Postman Pat

October 15, 2013 § 2 Comments


Captain Patrick Clifton had thirty thousand hours on the Pilatus Porter and his wife had just run off with the milkman. ‘Clear prop!’ yelled First Officer Jessica Coon to anyone listening. Captain Pat checked both magnetos and fired the Lycoming.

‘Morning Edinburgh Tower,’ chirruped Jess. ‘Golf Lima Oscar Oscar Papa requests taxi instructions for VFR flight to Lindisfarne.’

‘Morning Golf Oscar Papa, replied ATC. Clear taxi to holding point Alpha for Runway 27. QFE 996. You with the old man today?’

‘Affirm, sir. Not his usual cheery self, mind. Cleared Alpha for 27. QFE 996.’

Pat taxied to the hold as Jess did the pre-take offs. ‘Golf Oscar Papa ready for departure,’ she purred.

‘Golf Oscar Papa is clear take off. QNH 1003. Wind 280°, fifteen gusting thirty.’

‘Clear take off,’ confirmed Jess. QNH 1003. Wind copied.’

‘I’ll do the take off and landing,’ said Pat.’ Give you time to get the paperwork out the way.’

Lindisfarne’s airstrip was an asphalt causeway linking island to mainland. The Pilatus had a two-hour tidal window before the strip disappeared under the water for eight hours. ‘Should be an easy landing,’ drawled Pat as he climbed away. ‘Wind’s straight on the nose.’

Jess flicked the switch to retract the landing gear, ran through the after-take off routine, and settled down for the fifty minute flight. ‘She’s all yours,’ said Pat. ‘ I’ll go and check the mail sacks.’

‘But I’ve already done…’ said Jess. But Pat had already taken off his headphones and disappeared into the hold.

It was all a bit quiet in the back. None of the usual crashing about as Pat rearranged the mail sacks.

‘Everything ok?’ Jess asked as he scrambled back into the cockpit.

‘Have you forgotten how to fly this thing?’ he slurred. ‘She’s all over the place. Can’t you remember how to fly in a straight line?’

Jess fiddled with the auto pilot and bit her lip. She gave him her sweetest smile. ‘Everything properly stowed back there?’

Pat lurched into his seat and burped noisily. ‘Yep.’

‘Been speaking to Lindisfarne,’ Jess remarked mildly. ‘Wind’s backed to 180°. Twenty knots, gusting thirty-five. Quite a crosswind. Shall I look up an alternate?’

‘That’ll be Newcastle,’ he replied. ‘We’ll decide ten minutes out.’

‘Lindisfarne Radio. Hi Peter. Golf Oscar Papa inbound with your post and a few extra goodies. Request your current weather.’

‘Morning Greendale Rocket,’ he replied. ‘We’ve got the wind backing at 190°. Twenty knots, now gusting forty-five.’

‘Wind copied. Request landing instructions. Golf Oscar Papa.’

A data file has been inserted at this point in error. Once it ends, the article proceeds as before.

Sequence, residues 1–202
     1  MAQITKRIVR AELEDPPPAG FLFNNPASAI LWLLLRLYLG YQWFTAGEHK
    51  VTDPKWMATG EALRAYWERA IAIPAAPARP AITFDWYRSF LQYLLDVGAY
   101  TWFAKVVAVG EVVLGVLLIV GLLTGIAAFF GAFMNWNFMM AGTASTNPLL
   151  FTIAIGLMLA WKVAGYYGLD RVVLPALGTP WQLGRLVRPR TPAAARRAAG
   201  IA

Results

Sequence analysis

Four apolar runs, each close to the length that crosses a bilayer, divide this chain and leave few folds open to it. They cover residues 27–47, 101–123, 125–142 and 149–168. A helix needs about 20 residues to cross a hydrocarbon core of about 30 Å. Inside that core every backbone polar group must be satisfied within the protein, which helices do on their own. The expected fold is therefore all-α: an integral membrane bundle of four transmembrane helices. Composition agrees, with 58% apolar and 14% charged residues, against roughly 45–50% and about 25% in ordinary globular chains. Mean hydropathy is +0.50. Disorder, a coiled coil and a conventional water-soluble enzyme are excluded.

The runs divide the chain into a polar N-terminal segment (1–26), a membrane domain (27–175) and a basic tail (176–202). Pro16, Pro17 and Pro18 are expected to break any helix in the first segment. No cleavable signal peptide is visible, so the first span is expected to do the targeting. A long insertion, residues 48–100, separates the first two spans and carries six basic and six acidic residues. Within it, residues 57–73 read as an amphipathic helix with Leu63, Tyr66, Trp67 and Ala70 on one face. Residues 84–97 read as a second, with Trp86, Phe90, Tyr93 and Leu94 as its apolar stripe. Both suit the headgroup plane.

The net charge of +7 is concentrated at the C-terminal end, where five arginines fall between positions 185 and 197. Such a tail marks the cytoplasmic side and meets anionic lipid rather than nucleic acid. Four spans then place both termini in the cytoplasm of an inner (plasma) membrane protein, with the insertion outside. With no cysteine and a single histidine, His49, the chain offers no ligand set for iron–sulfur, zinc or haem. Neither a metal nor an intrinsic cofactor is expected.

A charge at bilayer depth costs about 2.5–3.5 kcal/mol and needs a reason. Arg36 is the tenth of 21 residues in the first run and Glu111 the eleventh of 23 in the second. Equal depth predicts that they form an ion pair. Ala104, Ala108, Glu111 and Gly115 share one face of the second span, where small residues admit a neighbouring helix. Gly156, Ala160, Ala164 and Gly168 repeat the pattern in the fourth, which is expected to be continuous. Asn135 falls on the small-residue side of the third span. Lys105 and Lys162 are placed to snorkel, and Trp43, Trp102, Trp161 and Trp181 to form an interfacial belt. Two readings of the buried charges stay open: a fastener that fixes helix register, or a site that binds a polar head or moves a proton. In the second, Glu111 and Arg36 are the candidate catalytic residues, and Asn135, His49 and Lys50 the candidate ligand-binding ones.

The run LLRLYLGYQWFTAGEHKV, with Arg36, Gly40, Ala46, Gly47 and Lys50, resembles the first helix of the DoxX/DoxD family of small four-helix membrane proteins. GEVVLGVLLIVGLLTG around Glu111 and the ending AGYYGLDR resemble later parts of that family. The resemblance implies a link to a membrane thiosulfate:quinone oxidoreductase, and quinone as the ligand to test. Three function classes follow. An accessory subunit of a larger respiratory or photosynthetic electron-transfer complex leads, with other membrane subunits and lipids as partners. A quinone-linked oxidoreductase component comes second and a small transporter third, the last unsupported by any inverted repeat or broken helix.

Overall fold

‘Straight-in approach for 26. Report final. Occasional waves lapping runway.’


‘We’ll go in,’ he smiled at Jess. ‘The Pilatus can handle this.’


‘But nothing,’ he boomed. ‘Just do your job. Remember who’s the captain round here.’

Jess carried out pre-landing checks and let down the undercarriage.

‘Lindisfarne Radio. Golf Oscar Papa on finals for 26. Request current wind.’

‘You’re clear to land,’ said Peter. Wind veering steady at 210°. Twenty knots occasionally gusting fifty. QFE 975.’

            ‘Clear land, Golf Oscar Papa,’ and under his breath, he said, ‘and this one’s for Brigid.’

            ‘Why Brigid?’ asked Jess.

            He grunted. ‘She’s gone and buggered off.’

Mrs. Coggins the postmistress idly watched from the shop doorway, her arms folded over her ample bosom, stray wisps of white hair escaping from her bun. She wasn’t concerned about the bad weather – Pat had been flying the Greendale Rocket longer than she could remember.

He lined up on the extended runway, crabbing the Pilatus at an angle – one wing down – to counteract the crosswind. Twenty feet above the ground he kicked her straight with the rudder, cut the power, and flared. As the front wheels touched, a violent gust caught the downwind wing and it’s tip slashed the water. She lurched, pitched forward, and flipped on her back.

Mrs. Coggins dialled quickly. ‘What service do you require, Mrs. Coggins?’ asked the operator.

‘All of them,’ she babbled. ‘The Rocket’s crashed.’

            Nothing moved in the Pilatus as it began to sink. As the cockpit disappeared beneath the waves, a bottle bobbed up and down, then sank. It said: Isle of Bura. Single Malt Whisky. And it was empty.


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